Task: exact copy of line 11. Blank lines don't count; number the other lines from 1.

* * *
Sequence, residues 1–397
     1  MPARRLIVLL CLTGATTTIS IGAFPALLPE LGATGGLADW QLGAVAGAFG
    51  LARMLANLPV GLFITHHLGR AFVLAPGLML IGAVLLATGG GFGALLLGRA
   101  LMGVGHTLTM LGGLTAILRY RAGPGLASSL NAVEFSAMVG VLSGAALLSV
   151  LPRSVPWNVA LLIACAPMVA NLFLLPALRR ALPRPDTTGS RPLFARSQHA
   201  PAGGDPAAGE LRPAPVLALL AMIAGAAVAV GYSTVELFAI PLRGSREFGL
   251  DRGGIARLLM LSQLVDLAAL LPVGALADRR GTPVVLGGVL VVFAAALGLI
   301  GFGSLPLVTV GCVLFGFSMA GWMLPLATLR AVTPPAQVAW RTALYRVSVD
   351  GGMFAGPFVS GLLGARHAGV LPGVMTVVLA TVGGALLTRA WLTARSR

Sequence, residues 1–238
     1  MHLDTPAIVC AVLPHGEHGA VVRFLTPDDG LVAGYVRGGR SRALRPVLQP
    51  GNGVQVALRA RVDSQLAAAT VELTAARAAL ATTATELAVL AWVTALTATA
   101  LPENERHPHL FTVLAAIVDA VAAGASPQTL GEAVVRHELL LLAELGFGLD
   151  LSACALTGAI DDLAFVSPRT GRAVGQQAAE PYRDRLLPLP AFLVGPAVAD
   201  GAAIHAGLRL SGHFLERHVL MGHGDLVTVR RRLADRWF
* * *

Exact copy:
     1  MHLDTPAIVC AVLPHGEHGA VVRFLTPDDG LVAGYVRGGR SRALRPVLQP